My mother sent this to me and I found it quite interesting; the reference is at the bottom of the Adobe page along with the URL from SurvivoPedia; it’s one of my recommended websites. Reading through this article about raising sheep made me think of my younger years.
Historically sheep have been a staple of cultures from the time of their original domestication and the transition of people from hunter gatherer to farmer and herdsmen; between 11000 and 9000 BC. These animals were typically raised for the wool and milk and kept living till they grew old, at which time they were slaughtered. Most of the sheep meat consumed was mutton, or meat from old sheep, and not the delicious lamb we enjoy today.
Growing up we had a little flock of sheep on our self-sufficient farm. We had started with Suffolk sheep, one of the most common breeds, with striking black legs and face contrasting the white wool. For us these sheep proved to be very temperamental and difficult to work with. Many an hour was spent trying to round those buggers up and get them back behind a gate and fence.
Later we integrated the solid colored white Dorset into our fold and found them much more calm and easy to work with. It was also at this time that we purchased our own ram, also Dorset. Both types of sheep and the half breeds we raised provided great meat; though if you are not used to eating lamb or mutton it’ll take some getting used to.
Every year we had new lambs that were raised purely for meat, and the old sheep were kept till they passed with old age. We didn’t really have mutton for eating because my father found it difficult slaughtering the animals he had grown to know year after year, and even after they grew beyond having lambs the ewes hung around till they died naturally and then were buried. Obviously we could do this because we had an adequate amount of meat, and this was a luxury that could not have been afforded in an emergency situation.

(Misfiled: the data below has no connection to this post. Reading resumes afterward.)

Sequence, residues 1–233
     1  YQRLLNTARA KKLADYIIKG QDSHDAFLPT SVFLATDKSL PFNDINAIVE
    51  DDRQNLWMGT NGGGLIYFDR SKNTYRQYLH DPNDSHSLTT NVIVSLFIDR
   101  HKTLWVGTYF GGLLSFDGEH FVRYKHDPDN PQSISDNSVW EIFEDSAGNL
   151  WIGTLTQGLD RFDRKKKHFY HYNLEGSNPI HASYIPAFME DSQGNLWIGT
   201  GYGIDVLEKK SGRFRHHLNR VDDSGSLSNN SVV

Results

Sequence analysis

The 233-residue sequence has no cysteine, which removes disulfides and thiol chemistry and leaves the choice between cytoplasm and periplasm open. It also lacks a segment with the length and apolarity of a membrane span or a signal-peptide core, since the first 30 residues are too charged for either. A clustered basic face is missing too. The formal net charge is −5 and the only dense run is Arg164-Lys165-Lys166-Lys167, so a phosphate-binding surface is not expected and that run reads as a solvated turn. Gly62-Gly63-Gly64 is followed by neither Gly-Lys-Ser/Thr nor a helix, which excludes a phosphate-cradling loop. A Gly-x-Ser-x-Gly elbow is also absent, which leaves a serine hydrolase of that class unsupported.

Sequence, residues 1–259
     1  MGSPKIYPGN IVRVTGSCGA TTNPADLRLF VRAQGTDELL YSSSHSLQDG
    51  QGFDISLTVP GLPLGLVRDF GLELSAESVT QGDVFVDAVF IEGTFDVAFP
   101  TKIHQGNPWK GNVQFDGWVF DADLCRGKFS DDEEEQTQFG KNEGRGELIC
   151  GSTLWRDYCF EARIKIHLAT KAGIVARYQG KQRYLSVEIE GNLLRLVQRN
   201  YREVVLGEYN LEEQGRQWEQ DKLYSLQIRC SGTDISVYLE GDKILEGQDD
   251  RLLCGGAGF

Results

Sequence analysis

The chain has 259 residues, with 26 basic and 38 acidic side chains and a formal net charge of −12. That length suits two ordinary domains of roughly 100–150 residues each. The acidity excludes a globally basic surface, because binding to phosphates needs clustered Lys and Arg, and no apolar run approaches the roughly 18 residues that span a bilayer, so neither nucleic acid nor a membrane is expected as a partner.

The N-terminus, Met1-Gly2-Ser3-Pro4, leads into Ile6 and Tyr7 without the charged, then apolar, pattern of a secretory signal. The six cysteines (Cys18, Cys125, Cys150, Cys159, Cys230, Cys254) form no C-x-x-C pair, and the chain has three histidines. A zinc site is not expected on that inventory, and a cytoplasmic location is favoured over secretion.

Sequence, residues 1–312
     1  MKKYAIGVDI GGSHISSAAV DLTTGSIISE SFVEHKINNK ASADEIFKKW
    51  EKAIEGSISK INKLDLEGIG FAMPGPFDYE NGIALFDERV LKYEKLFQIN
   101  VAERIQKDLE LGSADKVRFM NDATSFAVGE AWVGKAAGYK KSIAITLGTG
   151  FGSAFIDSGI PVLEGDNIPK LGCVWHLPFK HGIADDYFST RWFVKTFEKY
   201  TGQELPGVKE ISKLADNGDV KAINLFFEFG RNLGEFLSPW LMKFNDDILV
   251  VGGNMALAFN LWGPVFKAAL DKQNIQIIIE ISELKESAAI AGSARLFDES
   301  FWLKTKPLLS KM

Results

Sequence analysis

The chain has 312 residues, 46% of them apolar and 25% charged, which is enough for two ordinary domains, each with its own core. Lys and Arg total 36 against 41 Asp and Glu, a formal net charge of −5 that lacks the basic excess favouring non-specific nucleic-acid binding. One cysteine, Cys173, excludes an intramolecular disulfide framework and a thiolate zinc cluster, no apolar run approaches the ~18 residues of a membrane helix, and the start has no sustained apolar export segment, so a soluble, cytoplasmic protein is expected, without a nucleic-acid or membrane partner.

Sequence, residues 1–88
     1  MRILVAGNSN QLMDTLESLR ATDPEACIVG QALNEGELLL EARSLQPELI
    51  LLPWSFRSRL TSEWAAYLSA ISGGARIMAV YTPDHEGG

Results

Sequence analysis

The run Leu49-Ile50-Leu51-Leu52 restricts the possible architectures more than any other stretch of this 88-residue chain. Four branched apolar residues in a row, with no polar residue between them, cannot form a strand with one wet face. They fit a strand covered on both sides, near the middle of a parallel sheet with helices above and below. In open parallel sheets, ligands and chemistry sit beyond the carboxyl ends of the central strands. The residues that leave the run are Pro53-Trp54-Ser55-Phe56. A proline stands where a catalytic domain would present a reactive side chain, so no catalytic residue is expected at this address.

If sheep have a bit of pasture land and get hey during the winter they do just fine. I found them a very hardy and easy to raise animal that can handle extremely cold temperatures.
When the lambs are born we used a hand held device to put rubber bands on their long tails and testicles. Both shrivel up and fall off with minimal irritation on the part of the lamb.
The one regret is that we didn’t know what to do with the mass amounts of wool produced, as we didn’t have the tools or knowledge to make use of it ourselves; and didn’t know any buyers. We started with a scissor style shears, and my father quickly realized that it was much harder than he remembered from his youth so we moved to an electric shear and gave them a buzz every spring.
We also never utilized the sheep milk; we had a dairy cow for that. Our animals were bread purely for meat.
If you’re interested check out the attachment; sheep can be a great additional to your self-sufficient lifestyle, and your kids will go nuts over the lambs.